A real lifeline is a length of yarn or thread that's inserted, left to right, into the stitches on a "particular row" that you've designated as a "base".
For example, I'm working on the Japanese Feather shawl at this time. It's a 28 row repeat. The first 14 rows swerve to the right, the last 14 rows meander to the left. Rows 11-14 and Rows 25-28 are plain st st. So Row 14 and Row 28 are good rows in which to install a lifeline. If I screw up in the lacy rows, and it's almost impossible to fix a mistake after the fact...then I can take my work off the needles entirely, frog back to my last known (base) row...and the lifeline that's threaded into that row will prevent me from losing any of those stitches. And since there are a lot of yarnovers and ssk's and k2t's...it really hard to frog back and expect that all the stitches on the needle will cooperate.
Here is a photo of my Japanese Feather shawl with the Row 14 and the Row 28 lifelines installed. (Under normal circumstances, a repeat is not 28 rows, much less really, however this pattern has 28 that are divided into two, like I said, meandering to the right on Rows 1-14, and meandering to the left on Rows 15-28. If I screwed up on Row 18, I'd just frog back to base row 14 instead of waaaay back to Row 1 of the entire thing)
Icy Blue marks Row 28. Yellow marks Row 14. (different colors are a "must" because I can't tell which Repeat I'm in by eyeballing it)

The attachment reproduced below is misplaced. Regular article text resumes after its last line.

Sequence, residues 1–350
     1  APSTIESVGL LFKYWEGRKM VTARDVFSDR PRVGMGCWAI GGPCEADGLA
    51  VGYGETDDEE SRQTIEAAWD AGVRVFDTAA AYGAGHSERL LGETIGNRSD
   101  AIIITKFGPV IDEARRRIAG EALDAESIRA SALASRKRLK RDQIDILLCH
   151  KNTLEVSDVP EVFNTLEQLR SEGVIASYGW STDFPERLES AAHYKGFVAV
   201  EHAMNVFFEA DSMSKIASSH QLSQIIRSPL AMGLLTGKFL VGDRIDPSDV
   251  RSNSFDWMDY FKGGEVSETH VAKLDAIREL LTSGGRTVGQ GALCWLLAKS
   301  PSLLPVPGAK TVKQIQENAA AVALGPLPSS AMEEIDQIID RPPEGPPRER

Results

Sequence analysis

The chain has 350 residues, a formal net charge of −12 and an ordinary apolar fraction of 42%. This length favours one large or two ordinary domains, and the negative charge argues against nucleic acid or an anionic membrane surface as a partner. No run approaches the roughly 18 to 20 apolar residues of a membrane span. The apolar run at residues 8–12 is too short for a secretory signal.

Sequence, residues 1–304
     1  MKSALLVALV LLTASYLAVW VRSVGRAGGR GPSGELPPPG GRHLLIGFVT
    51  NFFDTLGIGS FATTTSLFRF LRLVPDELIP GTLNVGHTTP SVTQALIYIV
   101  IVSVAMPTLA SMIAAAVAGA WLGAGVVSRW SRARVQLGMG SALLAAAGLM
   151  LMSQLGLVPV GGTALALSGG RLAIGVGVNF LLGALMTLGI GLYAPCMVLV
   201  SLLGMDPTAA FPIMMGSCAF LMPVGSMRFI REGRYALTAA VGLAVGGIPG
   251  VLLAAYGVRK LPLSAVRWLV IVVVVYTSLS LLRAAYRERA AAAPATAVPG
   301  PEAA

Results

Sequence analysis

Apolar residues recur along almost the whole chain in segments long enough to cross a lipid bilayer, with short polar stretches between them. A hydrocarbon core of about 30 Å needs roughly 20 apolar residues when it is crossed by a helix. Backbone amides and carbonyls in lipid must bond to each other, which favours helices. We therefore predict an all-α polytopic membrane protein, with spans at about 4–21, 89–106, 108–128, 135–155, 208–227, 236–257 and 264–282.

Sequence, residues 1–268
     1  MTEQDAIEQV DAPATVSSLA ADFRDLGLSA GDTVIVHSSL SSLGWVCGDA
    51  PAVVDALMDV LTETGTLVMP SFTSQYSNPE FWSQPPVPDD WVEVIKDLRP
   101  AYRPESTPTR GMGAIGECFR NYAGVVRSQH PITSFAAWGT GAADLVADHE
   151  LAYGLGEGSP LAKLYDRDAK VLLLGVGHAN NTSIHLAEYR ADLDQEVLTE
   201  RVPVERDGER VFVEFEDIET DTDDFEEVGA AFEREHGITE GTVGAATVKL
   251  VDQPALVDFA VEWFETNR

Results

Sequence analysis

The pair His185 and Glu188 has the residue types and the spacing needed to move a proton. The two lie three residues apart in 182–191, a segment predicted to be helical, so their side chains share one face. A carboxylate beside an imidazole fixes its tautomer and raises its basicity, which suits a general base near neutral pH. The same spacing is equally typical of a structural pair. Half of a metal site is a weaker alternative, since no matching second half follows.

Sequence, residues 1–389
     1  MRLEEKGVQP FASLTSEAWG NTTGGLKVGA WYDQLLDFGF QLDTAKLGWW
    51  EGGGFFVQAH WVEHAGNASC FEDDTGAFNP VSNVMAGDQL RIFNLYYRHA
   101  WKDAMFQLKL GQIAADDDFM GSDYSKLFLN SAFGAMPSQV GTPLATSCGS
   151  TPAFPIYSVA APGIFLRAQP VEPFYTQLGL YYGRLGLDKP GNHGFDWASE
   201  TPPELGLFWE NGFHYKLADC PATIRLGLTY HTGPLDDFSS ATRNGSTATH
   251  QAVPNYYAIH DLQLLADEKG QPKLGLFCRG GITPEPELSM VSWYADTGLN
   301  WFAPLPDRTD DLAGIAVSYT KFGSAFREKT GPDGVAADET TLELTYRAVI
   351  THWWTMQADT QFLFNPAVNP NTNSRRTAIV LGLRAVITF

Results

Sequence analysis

This is my thread. It can be any type of thread, or any yarn skinnier than your project yarn. My thread is easily installed, easily pulled out. After I've finished Row 28...and then Row 14 again...I'll pull out the yellow from a previous Row 14 and reuse it in the current Row 14. Kind of like "leap frog". I don't remove any lifeline until I feel safe that I've worked the current repeat correctly.
Most people install their lifelines in the last row of the repeat, the WS row which doesn't usually have any fancy work like yarnovers, etc.
Pretend that a Row 28 is just finished knitting, and is still on the source needle. This is how you install the lifeline, left to right, pull through, leaving long tails sticking out at each end so that if the work stretches or flexes on the needle, the lifeline won't come undone at the end, shrinking and leaving 6-10 stitches naked and unprotected.